|Do you find Kohlrabi threatening? I hope not, because they are back for the fall!!!|
And with the cold weather comes a shift in the shares. The summer squash, cucumbers, and eggplants are done and the cabbage family crops, starting with kohlrabi, are coming back into the spotlight. This week members can expect: Beets, Carrots, Kohlrabi, Lettuce, Tomatoes, Chard, Parsley or Sorrel, and a mix of Fresh Herbs.
This is very likely the last week of ripe tomatoes (due to that pending frost I mentioned above). We will be picking everything likely to ripen today and tomorrow to hold onto for the weekend shares.
|Tomatoes ripening on the awesome blue crushed velvet couch |
that resides in our porch/vegetable ripening area.
Next week you'll probably get some green ones along with a recipe for fried green tomatoes and links to last year's green tomato relish post.
You may get some more kohlrabi too. I know it isn't everyone's favorite. I also know that CSA farmers across the land scratch their heads over that fact. It's easy to prep, just peel and chop, and oh so very versatile. It's mild broccoli like flavor works in everything from curries to pasties. According to one member, it even works great in place of zucchini in zucchini muffins. If you still feel you need to get to know kohlrabi a little better, check out this post from a CSA called Fair Share Farm in Missouri.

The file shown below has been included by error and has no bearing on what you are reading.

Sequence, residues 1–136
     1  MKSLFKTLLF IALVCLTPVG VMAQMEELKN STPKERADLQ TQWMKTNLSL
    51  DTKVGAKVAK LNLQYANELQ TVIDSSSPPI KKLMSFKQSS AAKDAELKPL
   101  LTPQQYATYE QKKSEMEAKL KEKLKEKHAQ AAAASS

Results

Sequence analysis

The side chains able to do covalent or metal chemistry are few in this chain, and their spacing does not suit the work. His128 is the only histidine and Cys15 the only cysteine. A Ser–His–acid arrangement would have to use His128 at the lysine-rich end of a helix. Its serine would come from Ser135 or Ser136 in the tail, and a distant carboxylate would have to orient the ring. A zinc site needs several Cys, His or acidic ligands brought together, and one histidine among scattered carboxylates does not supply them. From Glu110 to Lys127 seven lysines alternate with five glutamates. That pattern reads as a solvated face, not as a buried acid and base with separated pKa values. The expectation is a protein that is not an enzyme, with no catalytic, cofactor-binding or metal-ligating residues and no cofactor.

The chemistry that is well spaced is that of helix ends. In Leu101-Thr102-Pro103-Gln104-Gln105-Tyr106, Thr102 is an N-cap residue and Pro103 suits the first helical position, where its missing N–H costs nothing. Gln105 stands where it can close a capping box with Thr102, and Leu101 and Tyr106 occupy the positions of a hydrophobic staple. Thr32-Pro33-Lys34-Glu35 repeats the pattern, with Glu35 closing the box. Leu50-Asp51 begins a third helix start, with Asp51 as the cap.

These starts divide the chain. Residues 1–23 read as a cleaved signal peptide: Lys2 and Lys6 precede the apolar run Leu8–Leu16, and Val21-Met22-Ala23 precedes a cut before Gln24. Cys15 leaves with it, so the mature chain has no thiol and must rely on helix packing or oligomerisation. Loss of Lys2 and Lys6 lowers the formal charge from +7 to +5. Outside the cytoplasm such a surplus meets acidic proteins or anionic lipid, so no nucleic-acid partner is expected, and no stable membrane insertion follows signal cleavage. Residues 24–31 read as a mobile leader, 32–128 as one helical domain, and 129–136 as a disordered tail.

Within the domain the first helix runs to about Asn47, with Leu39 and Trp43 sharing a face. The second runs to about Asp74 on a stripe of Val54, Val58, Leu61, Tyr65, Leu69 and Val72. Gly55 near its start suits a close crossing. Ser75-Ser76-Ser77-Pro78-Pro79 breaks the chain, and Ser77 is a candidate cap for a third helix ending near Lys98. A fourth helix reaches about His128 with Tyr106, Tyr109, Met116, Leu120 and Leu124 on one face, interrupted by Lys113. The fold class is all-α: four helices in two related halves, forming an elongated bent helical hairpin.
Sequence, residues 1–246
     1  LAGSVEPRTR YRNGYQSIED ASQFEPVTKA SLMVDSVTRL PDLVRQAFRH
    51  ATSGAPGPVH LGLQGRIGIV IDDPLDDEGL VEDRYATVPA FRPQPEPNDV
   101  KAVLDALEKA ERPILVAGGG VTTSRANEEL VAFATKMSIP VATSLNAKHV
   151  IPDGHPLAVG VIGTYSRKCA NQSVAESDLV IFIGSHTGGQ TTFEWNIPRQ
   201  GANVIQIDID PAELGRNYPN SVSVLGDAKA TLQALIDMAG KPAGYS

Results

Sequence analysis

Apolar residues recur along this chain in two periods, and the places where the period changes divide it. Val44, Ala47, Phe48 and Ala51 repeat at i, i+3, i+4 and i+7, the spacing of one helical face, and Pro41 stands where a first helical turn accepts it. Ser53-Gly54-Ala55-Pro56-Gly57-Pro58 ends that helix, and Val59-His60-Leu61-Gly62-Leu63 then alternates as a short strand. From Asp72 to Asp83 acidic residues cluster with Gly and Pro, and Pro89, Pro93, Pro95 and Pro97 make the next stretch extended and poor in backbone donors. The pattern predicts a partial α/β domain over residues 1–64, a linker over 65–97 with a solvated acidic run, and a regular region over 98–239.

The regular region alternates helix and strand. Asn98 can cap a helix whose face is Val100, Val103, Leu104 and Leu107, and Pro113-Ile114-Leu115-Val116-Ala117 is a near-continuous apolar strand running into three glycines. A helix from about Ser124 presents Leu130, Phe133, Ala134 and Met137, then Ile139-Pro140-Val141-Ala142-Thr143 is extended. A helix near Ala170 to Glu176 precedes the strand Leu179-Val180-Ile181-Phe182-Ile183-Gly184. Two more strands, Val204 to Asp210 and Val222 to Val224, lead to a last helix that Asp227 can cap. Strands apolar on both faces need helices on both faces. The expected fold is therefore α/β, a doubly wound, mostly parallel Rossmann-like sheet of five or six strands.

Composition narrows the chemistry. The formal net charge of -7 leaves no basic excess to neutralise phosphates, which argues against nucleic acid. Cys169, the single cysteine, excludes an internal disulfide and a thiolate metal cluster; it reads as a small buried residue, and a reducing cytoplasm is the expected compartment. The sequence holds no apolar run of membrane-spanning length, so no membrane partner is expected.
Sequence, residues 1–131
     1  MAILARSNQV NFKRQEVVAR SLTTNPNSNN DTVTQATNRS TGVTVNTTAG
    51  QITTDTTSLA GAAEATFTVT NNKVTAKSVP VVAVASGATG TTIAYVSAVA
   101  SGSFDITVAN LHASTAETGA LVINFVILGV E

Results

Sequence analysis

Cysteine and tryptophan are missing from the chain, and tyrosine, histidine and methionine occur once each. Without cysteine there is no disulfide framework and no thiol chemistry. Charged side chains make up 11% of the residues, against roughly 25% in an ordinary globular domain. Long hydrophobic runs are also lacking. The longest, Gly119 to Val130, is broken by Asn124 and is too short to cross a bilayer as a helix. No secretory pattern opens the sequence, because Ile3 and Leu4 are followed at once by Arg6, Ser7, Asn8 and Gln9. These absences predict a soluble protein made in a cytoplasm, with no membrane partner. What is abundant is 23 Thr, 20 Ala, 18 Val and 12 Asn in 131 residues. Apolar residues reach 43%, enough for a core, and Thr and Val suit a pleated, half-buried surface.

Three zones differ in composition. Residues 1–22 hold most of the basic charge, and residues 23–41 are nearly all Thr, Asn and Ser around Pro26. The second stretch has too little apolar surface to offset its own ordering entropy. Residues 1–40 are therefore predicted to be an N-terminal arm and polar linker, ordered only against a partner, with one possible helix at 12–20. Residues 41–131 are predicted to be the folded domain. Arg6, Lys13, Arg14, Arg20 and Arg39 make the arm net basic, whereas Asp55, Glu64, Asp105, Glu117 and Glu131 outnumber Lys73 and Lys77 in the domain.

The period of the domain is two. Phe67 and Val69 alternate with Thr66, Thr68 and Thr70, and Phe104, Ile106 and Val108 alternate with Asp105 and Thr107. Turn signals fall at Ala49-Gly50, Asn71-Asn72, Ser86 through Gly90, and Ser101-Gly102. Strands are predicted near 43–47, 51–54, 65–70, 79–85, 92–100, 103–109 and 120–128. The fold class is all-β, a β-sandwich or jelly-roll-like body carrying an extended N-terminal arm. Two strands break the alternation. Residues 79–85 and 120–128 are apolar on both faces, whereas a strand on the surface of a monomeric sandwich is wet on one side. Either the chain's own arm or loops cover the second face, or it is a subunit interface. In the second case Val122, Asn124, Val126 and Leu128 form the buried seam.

Then, if you are so inspired, you can try out the following kohlrabi recipe.
This is a very simple way to turn a giant kohlrabi into a delightful side dish.
- 1 Tablespoon Butter
- 1 Medium Onion, chopped
- 1 Large Kohlrabi, diced into bite sized cubes
- 1/2 Bunch (3-4) Carrots, sliced
- 1 Tablespoon Sugar
- 1/2 Tablespoon Vinegar, apple cider or white wine
- 1/2 Teaspoon salt
Melt the butter over medium heat in a large frying pan. Add the onion and stir to coat. Cook, stirring occasionally, until the onion has begun to soften.
Add the kohlrabi and carrots, stir to combine.
When the kohlrabi has begun to release some liquid, stir in the sugar, vinegar, and salt. Cook, stirring occasionally, until the kohlrabi is as tender as you like. I like it to remain somewhat crisp so I usually cook for about 10 - 15 minutes. If you want it very soft you may find that lowering the heat and placing a lid over the pan improves the cooking process for you.
|Everything in the pan, now it just needs to cook for a while.|